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Behavior & Sensory Support

What you need to know

Behavioral and psychiatric problems
  • Behavioral and psychiatric problems may interfere with quality of life for adolescents and in adulthood.
  • These behaviors can be persistent. They may escalate in severity and intensity with age (particularly from adolescent to adulthood).  
  • This escalation is independent of intellectual, language, and motor abilities.
Characteristic behavior profile

  • People with PWS have a characteristic behavior profile which includes: temper tantrums, stubbornness, emotional lability, exaggerated emotional response, controlling and manipulative behaviors, compulsivity, and difficulty with changes in routine.
  • Many behavioral challenges are similar to those found in people diagnosed with autism or autism spectrum disorders.
  • Attention Deficit Hyperactivity Disorder (ADHD) may be seen.
  • Perseveration and repetitive behaviors are common.
  • Students with PWS can be demanding and prone to rage episodes when frustrated.

  • Psychosis is reported in young adulthood in 10-20% of people who have PWS.
  • By late adolescence, about 15% will have a diagnosed mood disorder. 
  • Delusions and paranoid ideation are more common in people with PWS than in the general population. 
  • They may have obsessive compulsive tendencies:
    • These behaviors can be a source of strain in families, and in living and work environments.
Monitoring food

  • The constant need to monitor food intake can be very stressful for families.
  • This is due to an abnormally increased appetite and the eating of unusual food related items (i.e. sticks of butter, used cooking grease, decaying food, garbage, and food flavored items like shampoo).
  • Hoarding food when it is accessible is common.

Judgment about social cues

  • Social judgment can be poor. Interpretations of social information by students with PWS are similar to some children who have a pervasive development delay.
  • They may have an inability to read other’s facial expressions, decode emotion, and have difficulty interpreting visually presented social information.

Sensory issues
  • decreased sensitivity to pain
  • a tendency to not run a fever even when significantly ill
  • increased skin picking and picking at other body areas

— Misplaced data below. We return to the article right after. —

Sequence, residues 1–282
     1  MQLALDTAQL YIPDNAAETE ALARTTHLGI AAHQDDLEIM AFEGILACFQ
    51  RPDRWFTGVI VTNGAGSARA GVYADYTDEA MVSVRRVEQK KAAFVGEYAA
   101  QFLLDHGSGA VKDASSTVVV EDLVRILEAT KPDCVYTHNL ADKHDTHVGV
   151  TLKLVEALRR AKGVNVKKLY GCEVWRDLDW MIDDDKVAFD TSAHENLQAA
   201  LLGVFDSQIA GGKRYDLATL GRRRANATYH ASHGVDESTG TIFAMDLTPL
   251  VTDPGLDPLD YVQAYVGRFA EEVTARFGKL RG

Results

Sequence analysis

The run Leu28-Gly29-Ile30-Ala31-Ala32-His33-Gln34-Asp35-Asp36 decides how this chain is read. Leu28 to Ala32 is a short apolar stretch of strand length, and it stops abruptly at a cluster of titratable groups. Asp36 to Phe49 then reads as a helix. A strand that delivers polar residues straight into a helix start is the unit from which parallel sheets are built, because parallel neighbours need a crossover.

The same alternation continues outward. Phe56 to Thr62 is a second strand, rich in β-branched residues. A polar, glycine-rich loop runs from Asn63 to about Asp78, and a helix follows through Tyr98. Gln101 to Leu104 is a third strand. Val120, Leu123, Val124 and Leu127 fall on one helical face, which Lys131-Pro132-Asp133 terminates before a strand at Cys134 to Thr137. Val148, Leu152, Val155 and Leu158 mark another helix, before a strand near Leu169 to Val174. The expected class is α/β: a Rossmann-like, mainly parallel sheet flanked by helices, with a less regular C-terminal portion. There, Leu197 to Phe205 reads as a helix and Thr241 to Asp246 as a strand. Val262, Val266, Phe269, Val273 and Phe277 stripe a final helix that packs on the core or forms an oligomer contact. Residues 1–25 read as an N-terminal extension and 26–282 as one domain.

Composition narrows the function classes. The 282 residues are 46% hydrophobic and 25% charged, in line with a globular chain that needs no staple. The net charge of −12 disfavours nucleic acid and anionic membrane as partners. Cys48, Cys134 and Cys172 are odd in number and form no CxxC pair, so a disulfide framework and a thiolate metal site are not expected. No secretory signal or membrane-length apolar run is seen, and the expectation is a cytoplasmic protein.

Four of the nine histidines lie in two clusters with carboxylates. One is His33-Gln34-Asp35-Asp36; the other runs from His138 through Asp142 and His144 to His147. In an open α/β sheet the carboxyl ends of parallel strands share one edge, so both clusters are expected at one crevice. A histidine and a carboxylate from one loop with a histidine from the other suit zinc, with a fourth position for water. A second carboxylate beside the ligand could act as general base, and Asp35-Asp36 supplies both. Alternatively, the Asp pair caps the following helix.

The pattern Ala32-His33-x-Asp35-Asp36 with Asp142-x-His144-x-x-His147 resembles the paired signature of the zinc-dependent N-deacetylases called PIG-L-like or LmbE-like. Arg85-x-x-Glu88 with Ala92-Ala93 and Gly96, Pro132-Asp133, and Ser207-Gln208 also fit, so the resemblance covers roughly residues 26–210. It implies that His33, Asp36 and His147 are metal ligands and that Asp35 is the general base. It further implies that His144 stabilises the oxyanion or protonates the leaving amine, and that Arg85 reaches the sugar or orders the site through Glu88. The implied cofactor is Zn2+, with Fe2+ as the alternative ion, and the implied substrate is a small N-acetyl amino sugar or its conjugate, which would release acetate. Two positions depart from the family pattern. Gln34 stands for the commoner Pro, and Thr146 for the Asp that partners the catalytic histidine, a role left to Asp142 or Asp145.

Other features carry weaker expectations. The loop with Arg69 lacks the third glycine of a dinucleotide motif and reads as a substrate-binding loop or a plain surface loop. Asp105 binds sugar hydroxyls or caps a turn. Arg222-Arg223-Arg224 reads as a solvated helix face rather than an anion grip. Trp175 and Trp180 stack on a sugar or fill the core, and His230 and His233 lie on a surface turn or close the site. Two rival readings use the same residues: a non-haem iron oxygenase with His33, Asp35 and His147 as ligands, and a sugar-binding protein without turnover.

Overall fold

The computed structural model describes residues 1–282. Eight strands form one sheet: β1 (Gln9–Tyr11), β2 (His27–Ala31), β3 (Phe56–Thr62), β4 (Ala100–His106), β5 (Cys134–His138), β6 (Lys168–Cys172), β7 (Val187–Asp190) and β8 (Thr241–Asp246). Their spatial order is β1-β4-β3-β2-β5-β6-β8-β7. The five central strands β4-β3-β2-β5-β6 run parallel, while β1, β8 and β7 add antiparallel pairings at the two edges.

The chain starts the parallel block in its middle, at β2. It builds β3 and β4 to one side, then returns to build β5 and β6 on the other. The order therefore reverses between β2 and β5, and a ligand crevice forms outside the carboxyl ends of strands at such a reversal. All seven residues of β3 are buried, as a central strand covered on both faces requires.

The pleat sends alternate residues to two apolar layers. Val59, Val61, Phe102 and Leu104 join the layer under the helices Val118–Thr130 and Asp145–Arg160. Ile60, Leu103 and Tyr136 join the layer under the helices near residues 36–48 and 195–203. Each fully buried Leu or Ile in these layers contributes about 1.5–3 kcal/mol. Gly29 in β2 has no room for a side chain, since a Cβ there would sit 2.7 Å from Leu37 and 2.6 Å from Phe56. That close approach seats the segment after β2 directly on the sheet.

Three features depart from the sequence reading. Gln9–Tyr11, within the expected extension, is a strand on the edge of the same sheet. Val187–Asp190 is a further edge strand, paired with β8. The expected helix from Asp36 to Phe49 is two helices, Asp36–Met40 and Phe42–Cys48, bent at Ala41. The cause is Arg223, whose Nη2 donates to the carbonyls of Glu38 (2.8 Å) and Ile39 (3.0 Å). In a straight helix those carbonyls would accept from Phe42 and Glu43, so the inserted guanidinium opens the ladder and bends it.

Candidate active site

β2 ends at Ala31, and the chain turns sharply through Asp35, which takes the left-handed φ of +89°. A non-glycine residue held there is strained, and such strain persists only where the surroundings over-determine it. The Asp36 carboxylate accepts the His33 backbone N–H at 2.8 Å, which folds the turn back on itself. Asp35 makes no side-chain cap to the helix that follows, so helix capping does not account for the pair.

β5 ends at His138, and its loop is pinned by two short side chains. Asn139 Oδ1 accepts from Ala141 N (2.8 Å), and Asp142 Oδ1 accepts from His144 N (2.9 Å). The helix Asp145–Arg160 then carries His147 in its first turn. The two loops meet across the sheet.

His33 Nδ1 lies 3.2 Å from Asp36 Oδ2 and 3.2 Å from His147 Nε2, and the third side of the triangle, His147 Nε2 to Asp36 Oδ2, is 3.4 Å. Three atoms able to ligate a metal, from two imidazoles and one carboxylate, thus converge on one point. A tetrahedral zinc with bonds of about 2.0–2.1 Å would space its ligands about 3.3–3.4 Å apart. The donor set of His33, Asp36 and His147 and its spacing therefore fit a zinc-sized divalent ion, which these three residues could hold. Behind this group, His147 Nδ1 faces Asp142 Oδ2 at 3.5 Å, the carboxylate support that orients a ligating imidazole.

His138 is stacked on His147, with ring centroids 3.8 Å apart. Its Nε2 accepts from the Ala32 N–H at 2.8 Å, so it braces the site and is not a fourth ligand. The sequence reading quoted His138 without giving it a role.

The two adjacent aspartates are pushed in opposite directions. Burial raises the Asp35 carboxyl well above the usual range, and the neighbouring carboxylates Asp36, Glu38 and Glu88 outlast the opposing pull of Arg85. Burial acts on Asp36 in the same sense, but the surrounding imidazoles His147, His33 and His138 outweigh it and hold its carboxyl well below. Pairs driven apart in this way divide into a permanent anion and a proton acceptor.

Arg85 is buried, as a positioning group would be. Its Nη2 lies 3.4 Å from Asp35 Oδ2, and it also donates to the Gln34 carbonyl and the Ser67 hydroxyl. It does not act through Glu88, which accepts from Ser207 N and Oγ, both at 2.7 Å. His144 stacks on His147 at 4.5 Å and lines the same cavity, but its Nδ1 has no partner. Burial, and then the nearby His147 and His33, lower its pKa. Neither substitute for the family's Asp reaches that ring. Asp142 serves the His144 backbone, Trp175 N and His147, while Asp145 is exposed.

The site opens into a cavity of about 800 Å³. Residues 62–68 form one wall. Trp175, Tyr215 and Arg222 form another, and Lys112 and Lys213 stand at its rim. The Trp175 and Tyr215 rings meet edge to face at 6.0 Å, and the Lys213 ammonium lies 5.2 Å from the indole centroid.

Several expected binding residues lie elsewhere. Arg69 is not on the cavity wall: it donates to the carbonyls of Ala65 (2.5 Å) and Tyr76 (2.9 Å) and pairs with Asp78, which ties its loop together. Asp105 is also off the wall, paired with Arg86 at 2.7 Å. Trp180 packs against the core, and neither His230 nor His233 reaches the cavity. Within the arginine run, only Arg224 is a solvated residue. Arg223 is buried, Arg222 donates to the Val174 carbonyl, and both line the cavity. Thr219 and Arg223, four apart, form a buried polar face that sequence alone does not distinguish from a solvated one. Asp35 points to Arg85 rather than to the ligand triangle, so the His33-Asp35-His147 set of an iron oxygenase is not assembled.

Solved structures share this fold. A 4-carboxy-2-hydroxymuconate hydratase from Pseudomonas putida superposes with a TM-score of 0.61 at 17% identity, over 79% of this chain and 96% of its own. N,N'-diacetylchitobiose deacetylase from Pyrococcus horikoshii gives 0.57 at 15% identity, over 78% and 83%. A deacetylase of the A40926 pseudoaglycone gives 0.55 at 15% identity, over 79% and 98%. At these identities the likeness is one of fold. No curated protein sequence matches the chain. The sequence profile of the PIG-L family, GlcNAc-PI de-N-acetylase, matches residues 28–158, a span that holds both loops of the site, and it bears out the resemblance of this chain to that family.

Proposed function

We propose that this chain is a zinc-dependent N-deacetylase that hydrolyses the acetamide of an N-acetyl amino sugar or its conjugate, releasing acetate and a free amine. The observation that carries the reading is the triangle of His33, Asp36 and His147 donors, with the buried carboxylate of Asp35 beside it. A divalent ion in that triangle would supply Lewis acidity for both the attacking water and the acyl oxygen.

What you can do

Behavioral support strategies
  • Consider proactive behavioral support strategies with behavioral or mental health professionals.
  • Parents may consider a referral for medication for a child. 
    • Selective serotonin reuptake inhibitors (e.g., fluoxetine and sertroline) have been helpful in many patients.
  • Be firm with directions, rules, and discipline. 
Weight management
  • Behavioral and environmental support for weight management is needed. 
  • Consider:
    • Restricted access to food in all environments
    • Locks on refrigerators and food storage areas (including other student’s lunches and snacks)
    • Constant supervision
    • Calorie restrictive diets
    • Consistent and scheduled meals and snacks
    • Programs that help teach behavioral and weight management strategies
Regulating emotions and behavior
  • Many children and young adults with PWS have difficulty regulating emotions and behavior.  This is especially true when handling unplanned changes. 
  • They usually thrive with consistency and routine. They can be easily upset with disruption.
  • Prepare students for any change in schedule.
  • Provide a “safe” area for students to share emotions.
  • Teach and model use of words and/or pictures in sharing emotions.
  • Teach and emphasize behaviors you want.
  • Make sure they have an effective communication system.
Skin picking

Skin picking helps them decrease anxiety and boredom.

  • Eliminate opportunities to skin pick.
  • Distraction may be helpful.
  • Decrease anxiety and eliminate boredom.


Social cues and coaching
  • Provide social cues and coaching.
  • Provide information and discuss differences with the child’s peers.
  • Help develop confidence and focus on strengths.Provide positive reinforcement.
  • Teach child appropriate social behaviors/skills (how to ask a friend to play, role model, small groups of friends).
  • Teach how to recognize facial expressions, body language, and moods.